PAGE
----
Some years ago, I was in a relationship that wasn’t working.
He resented my immersion in my writing as I often chose it over being with him. My consistency and dedication to my career made him feel envious since he had nothing similar in his life and he felt ignored, neglected and uninspired.

I felt smothered and one day, when we were in the car on our
way to dinner, he said, “Why don’t you ever write about me?”

“You’re lucky I don’t,” I said.

After we went our separate ways, I was upset and angry and when I put pen to paper, I found myself writing something about him that was less than golden. I was doing what he had asked but if he had seen it, he wouldn’t have liked it. He was fortunate that I didn’t want to publish it or show it to anyone. The moral of the story: If you’re in a relationship with a writer or an artist, be careful because anything you do or say will inevitably show up on the page or the canvas. To quote a common sentiment among creative types, “Everything is grist for the mill.”

The original meaning refers to the corn that farmers bring
to mill to be ground into flour.  The contemporary meaning is that none of your life experiences have to be wasted, no matter how painful or difficult. You can use them to tell your story and allow other people to relate and learn something about themselves. Award winning journalist, writer and filmmaker Norah Ephron, coined the phrase, “Everything is copy.” She meant that whatever happens, good or beautiful, bad or ugly, can be material for your work. You can paint it, write it, sing it, dance it or act it out. All the events in your life can be useful and when you see that you can turn something terrible into something inspirational, it won’t sting as much.

Two of my favorite spiritual leaders/authors, Baba Ram Dass
and Stephen Levine who are no longer with us, wrote a book together called, “Grist for the Mill.” Ram Dass regarded all of his difficult childhood experiences as grist for the mill, a way to use the events in his life – comic, tragic, boring or dramatic – for spiritual growth. You can use anything as a wakeup call. A famous guru said that when he finds himself at a red light, he uses it to remember to breathe. Whatever is going on, you can use your trials and
irritations as a guide to a better and more authentic life. When you let these events become your focus, you can see how they shaped you and helped you become who you are today.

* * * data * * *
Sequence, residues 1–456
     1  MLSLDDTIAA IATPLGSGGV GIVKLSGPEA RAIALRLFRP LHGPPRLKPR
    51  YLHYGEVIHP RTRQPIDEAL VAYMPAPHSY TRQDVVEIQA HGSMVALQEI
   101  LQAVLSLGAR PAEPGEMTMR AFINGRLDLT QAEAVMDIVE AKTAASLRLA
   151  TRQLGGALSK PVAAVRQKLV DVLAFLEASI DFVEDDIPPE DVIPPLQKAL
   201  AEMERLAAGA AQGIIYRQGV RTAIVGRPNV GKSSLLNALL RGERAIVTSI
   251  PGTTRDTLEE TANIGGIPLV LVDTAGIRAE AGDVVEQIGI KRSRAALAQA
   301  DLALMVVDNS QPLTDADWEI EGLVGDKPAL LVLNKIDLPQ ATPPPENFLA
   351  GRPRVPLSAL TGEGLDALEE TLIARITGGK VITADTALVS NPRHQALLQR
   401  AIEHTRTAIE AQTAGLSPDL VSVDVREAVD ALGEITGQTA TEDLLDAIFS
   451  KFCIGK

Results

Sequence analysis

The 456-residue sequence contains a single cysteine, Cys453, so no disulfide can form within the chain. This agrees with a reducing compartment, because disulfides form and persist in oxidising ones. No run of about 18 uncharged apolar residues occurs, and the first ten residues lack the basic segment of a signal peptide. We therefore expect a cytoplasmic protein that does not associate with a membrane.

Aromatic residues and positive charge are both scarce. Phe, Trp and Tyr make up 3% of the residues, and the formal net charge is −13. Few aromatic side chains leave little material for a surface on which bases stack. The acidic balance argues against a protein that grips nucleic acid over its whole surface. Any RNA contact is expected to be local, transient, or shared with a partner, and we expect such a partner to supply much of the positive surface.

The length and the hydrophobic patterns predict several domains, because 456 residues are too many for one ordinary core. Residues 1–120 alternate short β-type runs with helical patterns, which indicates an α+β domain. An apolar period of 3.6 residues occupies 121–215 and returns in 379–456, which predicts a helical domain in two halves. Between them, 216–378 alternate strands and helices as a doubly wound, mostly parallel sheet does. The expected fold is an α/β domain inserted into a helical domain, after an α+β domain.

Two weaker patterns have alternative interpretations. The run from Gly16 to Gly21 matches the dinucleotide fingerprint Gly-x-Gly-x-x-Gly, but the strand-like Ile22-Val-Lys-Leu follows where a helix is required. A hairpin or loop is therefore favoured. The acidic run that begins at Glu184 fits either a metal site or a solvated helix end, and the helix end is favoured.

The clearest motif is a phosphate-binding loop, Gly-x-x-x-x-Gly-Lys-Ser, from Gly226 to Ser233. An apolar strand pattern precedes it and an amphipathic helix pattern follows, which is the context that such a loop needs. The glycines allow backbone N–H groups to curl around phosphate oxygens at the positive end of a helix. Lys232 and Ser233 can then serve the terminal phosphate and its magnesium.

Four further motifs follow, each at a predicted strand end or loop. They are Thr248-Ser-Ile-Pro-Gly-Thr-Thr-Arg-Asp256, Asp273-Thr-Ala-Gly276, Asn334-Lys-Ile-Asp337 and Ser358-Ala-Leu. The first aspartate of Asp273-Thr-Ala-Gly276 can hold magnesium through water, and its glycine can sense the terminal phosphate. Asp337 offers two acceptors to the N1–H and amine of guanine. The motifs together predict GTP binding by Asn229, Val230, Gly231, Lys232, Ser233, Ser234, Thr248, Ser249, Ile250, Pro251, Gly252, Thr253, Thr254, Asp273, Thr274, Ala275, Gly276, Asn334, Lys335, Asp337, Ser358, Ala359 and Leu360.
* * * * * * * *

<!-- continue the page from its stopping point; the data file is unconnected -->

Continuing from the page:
A marriage might enhance someone’s life and fill them with
hope while a divorce might create a void that is impossible to fill. Or the opposite. But as an author, it’s all grist for the mill. When I sent my second husband packing, I was devastated. I took to my bed for days and grieved my loss while the author in me was noticing and sorting everything I was feeling into stories. With no effort on my part, life was showing me some remarkable things. The
holistic healer who was all about “natural this” and “organic that” brought me Xanax. Two friends had an argument at the foot of my bed while I was crying. My Italian hair colorist came over and said. “Don’t worry. We’ll make-a you blond.” I already was blonde.

I got conflicting advice from everyone. “Change the locks. Unfriend him. Call the INS and get him deported. Watch him come crawling back. Forgive him. Burn his clothes.” When I finally got up, I threw the clothes he had left behind in a black Hefty trash bag, left them for the garbage truck and went back to my life. I was minus a husband but I had more closet space and a great screenplay.

Author and satirist, Terry Pratchett, who sold over 85 million books in his lifetime, said, “I’ve lost both parents in the last two years and you pick up on stuff. That’s the most terrible thing about being
an author – standing at your mother’s funeral, but you don’t switch the author off. So your innermost thoughts are grist for the mill.”

When life throws things at you that you weren’t expecting, good or bad, think of them as grist, the separate parts that define the path of a human being. Each story exists on its own, but when you put them
all together and blend them seamlessly into each other, that’s the mill, the foundation that will grind and mesh your story into a whole. One event folds into the next. One story picks up where the last one left off. Nothing stands alone even if it looks that way. When you take everything in your life and mix it all together, elegance, imperfections and all, you are left with one perfect human life, the only one that is completely and authentically your own.